Education

Area Briefs KCs host pancake breakfast The Farmington Knights of Columbus will host a pancake breakfast from 9 a.m. to noon Sunday, Dec. 8, at the Church of St. Michael, 22120 Denmark Ave., Farmington. Pancakes, French toast, sausage links and scrambled eggs will be on the menu along with coffee, juice and water. Donations will be accepted. All proceeds will go toward local community needs.

Farmington Library events scheduled The Farmington Library, 508 Third St., will offer the following programs. Call 651-4380250 for more information. Teen Advisory Group, 6-7 p.m. Monday, Dec. 9. TAG participants recommend books and music, help plan library programs and participate in community events and service projects. Ages: 1218. Teen Library Day, 3:30-4:30 p.m. Tuesday, Dec. 10. Drop in for a variety of activities, games, crafts, readings, discussion and more. Ages: 10-16. Remodeling Book Sale extended through Friday, Dec. 13. Ten books for $1.

Robert Trail Library programs Robert Trail Library, 14395 S. Robert Trail, Rosemount, has planned the following programs. Call 651-480-1200 for more information. Make and Take Holiday Gifts, 2:30-4 p.m. Saturday, Dec. 7. Create a small but special gift for someone you love. Ages: 6-16. History Book Club, 6:30-8 p.m. Tuesday, Dec. 10. Adults. Cookie Decorating, 3:30-5 p.m. Thursday, Dec. 12. Teens and tweens. Library Book Group, 7-8 p.m. Tuesday, Dec. 17. The group will discuss â&#x20AC;&#x153;Ellen Fosterâ&#x20AC;? by LEVY, from 1A very, very angry to what the state government did to limiting us with our budgets, to very, very sad tonight. â&#x20AC;&#x153;Public safety is incredibly important to us. I have faith our chief will continue to keep our community and school safe. I donâ&#x20AC;&#x2122;t want anyone to think there wasnâ&#x20AC;&#x2122;t a lot of thought and heartache that went into this decision.â&#x20AC;? Eight members of the police department, including police Chief Brian Lindquist were in attendance, but didnâ&#x20AC;&#x2122;t speak during the open forum. â&#x20AC;&#x153;I think it was just a show of support for their fellow officers,â&#x20AC;? Lindquist said. How the department

Kaye Gibbon and vote on books to be read in 2014.

Minnesota Energy warns of utility scam Minnesota Energy Resources, Rosemount, has received information that its customers have been contacted by people fraudulently claiming to be company employees and demanding payment or service will be disconnected. The payment could be for a utility bill or equipment upgrade. In this particular scam, callers appear to be targeting ethnic restaurants and customers with Spanish surnames. The scammers are using technology that will fraudulently indicate on caller ID that they are representatives of the local utility. They demand payment within hours or service will be terminated. Customers are told to purchase prepaid debit cards, Green Dot cards, or similar cards and then call back to make payment by giving the scammer the account numbers of the purchased card. While most customers recognize the scam, a few have made payments. Minnesota Energy Resources will never ask for a prepaid card as payment for any reason. Threats of immediate disconnection are a sign that customers might have been contacted by a scammer. To confirm suspicions, customers should follow these tips and report the behavior: â&#x20AC;&#x201C;Calmly write down any information the caller provides to you. Take note of the call date and time, caller ID, a description of the caller and any details revealed to you by the caller. â&#x20AC;&#x201C;Do not provide any private information or banking information. â&#x20AC;&#x201C;Contact your utility to verify if this was a legitimate call. If not, call the police to report the scam. Again, Minnesota Energy Resources will not ask for prepaid cards or other electronic means (PayPal, for example) as a form of payment.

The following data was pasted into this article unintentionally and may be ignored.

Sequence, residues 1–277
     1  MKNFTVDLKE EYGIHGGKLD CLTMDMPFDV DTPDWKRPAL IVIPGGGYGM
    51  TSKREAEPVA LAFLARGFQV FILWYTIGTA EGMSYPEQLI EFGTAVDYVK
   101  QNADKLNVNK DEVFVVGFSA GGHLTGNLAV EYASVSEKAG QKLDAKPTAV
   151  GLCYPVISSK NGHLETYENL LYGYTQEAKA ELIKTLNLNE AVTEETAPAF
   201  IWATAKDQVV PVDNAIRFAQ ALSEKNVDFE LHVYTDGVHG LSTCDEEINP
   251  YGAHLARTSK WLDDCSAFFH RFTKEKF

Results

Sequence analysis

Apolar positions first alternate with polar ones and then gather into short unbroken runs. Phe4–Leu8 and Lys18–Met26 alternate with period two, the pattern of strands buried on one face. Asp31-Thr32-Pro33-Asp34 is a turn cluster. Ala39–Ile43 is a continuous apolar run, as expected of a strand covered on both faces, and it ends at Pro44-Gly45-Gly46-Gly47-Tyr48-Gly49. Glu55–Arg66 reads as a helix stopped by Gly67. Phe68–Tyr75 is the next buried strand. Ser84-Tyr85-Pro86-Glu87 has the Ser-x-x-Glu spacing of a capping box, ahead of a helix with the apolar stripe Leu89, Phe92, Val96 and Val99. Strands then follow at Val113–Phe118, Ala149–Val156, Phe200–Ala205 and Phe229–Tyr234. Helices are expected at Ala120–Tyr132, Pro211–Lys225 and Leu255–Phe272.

was going to handle the situation is still being discussed within the department. â&#x20AC;&#x153;Weâ&#x20AC;&#x2122;re going into 2014 with 24 officers,â&#x20AC;? Lindquist said. â&#x20AC;&#x153;Thatâ&#x20AC;&#x2122;s all I know right now.â&#x20AC;? Since 2006 the city eliminated 12 positions, The police department makes up 45.45 percent of personnel cost and 37 percent of the total expenditures in the 2014 budget. Council Member Doug Bonar credited the administration and council for being able to work together to create the budget. It took six work sessions to settle, but last year the 2013 budget wasnâ&#x20AC;&#x2122;t approved until later in December. â&#x20AC;&#x153;It was heartbreaking, but itâ&#x20AC;&#x2122;s also by far the most

District 196 teachers recognized for enhancing learning with technology Dakota Hills Middle School science teacher Ross Albertson and Apple Valley High School science teacher Chris Lee were selected recipients of the TIES Exceptional Teacher Awards in District 196 for the 2013-14 school year. Sponsored by the education technology cooperative TIES, the annual awards honor teachers in member districts who effectively integrate technology into the learning process. Albertson and Lee will be recognized with other award recipients at the TIES Annual Conference in Minneapolis Dec. 16. Dakota Hills Middle School students are using Chromebooks in their science classes this year thanks to a grant Albertson received from the Lockheed Corporation last year. He proposed the grant so that students could use the devices to work on Google Docs files to enter and analyze lab data and report their findings. The response by students and staff has been â&#x20AC;&#x153;energizing,â&#x20AC;? according to Albertsonâ&#x20AC;&#x2122;s colleagues who nominated him for the TIES